Utah reacted to missing out on the playoffs in the last game of the 2015-2016 regular season by acquiring George Hill, Joe Johnson and Boris Diaw, and are now an early favorite to rise in the Western Conference playoff rankings.
The team’s biggest constant last year was small forward Gordon Hayward. Hayward, who has missed 13 starts in the last 3 seasons combined, led the team in scoring, assists and steals. Hayward has a player option for the 2017-2018 season, and many expect him to opt out of that deal to chase a bigger contract on the free market.
Some would suggest that Utah should trade Hayward so they won't be in danger of losing him for nothing. However, Hayward is incredibly valuable and is especially valuable to the Jazz's offense. Unless Utah hears that Hayward will refuse to come back, or receives a godfather offer, the Jazz would be wise to hold onto Hayward for the foreseeable future.
Gordon Hayward is not only a very efficient offensive player, but a key creator for a Jazz offense that lacked strong point guard play last year. While the addition of George Hill and the return of Dante Exum will help the Jazz in that department, neither player is an exceptional passer or pick-and-roll wizard. Hayward sported an Offensive Rating (a measure of points created per 100 possessions) of 110 last year, a significant jump over the team’s 105.9 overall Offensive Rating. Hayward is an efficient scorer on his own, with a solid 55.9% True Shooting Percentage, and an ability to score from pretty much any area on the floor:
Hayward does a good job out of the pick-and-roll for a small forward, and his height and driving ability allows him to tilt the floor in his direction to create open looks for his teammates, and himself. Hayward was assisted on 46% of his made baskets last year and just 32% of his shots inside the arc. His ability to be effective on the offensive end without much help from his teammates makes him an important contributor for the Jazz, even as his touches are likely to go down somewhat with stronger point guard play around him.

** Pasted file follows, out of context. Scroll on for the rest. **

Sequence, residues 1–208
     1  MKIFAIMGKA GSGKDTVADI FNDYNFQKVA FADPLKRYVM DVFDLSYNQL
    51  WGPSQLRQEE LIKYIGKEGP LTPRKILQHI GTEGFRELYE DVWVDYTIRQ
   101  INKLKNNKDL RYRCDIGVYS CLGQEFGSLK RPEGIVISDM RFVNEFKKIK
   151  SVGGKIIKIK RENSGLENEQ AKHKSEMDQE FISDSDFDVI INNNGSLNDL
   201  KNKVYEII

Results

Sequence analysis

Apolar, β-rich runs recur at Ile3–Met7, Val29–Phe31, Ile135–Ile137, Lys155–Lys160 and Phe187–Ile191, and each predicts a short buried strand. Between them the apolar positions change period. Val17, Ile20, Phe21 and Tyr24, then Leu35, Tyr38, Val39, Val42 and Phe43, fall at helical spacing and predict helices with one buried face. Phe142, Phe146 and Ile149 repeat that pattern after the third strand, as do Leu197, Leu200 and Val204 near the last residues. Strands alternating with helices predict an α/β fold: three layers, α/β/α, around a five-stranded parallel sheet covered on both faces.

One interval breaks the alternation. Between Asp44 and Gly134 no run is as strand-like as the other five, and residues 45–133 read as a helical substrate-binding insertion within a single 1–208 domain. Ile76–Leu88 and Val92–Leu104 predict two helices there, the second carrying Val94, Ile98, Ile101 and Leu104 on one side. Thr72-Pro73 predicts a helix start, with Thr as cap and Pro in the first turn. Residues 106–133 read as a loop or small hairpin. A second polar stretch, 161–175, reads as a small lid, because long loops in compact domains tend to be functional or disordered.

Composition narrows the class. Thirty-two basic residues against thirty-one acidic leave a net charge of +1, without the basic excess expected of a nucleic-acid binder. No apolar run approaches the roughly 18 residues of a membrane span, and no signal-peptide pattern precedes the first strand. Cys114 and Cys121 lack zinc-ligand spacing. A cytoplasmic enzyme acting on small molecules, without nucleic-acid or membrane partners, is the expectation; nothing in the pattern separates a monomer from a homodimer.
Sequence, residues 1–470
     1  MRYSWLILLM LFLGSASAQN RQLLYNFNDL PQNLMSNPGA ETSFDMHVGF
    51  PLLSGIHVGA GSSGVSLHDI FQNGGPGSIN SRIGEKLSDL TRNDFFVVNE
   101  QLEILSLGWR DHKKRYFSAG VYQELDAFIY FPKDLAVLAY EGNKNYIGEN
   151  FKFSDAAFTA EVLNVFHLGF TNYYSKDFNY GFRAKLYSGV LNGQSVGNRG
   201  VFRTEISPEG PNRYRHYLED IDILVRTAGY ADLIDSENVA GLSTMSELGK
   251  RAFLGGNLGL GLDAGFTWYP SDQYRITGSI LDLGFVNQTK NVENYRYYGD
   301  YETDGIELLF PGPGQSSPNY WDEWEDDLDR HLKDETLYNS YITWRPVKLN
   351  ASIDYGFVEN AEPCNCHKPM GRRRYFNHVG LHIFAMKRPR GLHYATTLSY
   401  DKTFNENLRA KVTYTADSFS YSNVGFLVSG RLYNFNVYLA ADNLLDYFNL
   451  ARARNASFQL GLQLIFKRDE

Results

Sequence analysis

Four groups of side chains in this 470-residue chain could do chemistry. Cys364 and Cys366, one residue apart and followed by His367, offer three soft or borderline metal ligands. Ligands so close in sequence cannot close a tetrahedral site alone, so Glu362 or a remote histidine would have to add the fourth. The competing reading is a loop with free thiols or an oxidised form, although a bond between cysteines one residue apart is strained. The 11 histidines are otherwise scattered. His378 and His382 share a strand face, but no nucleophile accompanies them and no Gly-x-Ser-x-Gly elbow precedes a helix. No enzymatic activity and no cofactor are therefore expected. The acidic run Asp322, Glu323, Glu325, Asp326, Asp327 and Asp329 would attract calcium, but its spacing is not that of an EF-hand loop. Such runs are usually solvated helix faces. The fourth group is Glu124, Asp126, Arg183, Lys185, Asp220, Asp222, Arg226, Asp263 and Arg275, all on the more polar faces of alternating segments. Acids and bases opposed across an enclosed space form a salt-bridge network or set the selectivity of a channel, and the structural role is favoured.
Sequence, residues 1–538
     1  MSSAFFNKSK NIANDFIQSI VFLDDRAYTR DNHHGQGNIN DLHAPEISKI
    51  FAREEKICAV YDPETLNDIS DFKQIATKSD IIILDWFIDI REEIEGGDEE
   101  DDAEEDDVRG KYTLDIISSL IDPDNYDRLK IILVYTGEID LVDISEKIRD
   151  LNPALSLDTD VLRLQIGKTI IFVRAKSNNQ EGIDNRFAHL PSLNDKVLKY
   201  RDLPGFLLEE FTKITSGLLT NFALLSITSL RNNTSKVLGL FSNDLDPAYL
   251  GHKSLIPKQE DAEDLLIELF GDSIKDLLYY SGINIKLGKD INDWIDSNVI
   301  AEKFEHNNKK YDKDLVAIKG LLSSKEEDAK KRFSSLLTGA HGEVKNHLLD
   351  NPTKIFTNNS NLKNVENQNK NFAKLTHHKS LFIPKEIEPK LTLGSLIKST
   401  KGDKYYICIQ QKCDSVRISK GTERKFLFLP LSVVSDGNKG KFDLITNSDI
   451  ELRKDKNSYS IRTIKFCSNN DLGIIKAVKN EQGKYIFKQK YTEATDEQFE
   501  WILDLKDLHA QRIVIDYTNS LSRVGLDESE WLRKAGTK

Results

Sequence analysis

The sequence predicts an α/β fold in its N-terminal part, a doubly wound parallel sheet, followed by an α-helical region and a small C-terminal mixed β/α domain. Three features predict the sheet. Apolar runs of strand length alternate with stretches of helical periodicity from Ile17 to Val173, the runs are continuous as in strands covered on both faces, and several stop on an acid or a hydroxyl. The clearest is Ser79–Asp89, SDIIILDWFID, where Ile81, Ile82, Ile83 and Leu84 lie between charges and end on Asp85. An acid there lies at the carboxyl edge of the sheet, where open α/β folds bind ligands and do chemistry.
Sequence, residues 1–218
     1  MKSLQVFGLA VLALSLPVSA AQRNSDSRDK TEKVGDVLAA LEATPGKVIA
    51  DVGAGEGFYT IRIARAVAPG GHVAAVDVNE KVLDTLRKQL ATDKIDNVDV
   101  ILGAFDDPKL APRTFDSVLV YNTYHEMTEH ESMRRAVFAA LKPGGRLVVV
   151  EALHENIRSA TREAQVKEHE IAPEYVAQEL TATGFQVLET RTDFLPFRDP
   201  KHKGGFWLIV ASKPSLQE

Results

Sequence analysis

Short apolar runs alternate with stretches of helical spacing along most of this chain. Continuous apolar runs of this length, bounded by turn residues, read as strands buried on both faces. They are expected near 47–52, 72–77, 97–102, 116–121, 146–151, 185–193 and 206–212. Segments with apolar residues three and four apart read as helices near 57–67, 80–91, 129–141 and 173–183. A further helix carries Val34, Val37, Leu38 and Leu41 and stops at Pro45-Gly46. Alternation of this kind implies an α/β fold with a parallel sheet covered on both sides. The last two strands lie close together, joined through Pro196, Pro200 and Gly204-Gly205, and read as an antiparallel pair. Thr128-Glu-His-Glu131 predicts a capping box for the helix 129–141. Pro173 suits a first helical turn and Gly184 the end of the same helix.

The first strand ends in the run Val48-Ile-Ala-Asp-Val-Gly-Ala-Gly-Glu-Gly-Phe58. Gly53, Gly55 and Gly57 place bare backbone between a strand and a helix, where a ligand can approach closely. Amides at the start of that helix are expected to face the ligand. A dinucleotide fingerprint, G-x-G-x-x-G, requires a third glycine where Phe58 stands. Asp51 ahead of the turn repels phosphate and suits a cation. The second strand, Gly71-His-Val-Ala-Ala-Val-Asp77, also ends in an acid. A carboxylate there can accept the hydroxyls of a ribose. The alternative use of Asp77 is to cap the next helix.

Hayward was not only efficient with his own offense, but also helped create offense for his Jazz teammates. Rudy Gobert shot 1.7% better from the floor with Hayward on the court, according to nbawowy.com, and Derrick Favors shot an astounding 12.6% better from the floor with Hayward in the game. Hayward attempted 7.5 three-pointers per game last season, and while he only made 34.9% of them, he opened up the paint for Favors and Gobert to go to work.
For Utah, trading Hayward is unlikely to net a strong enough return for any sort of deal to be worthwhile.
Hayward is not only a strong offensive piece for a team starved for strong offensive players, but he's the perfect fit for Utah’s offense, who now boast a point guard rotation of Hill and Exum; two strong defenders who are both below-average shot creators. They would be wise to refuse all but the most outlandish trade offers as they make a run at the Western Conference playoffs.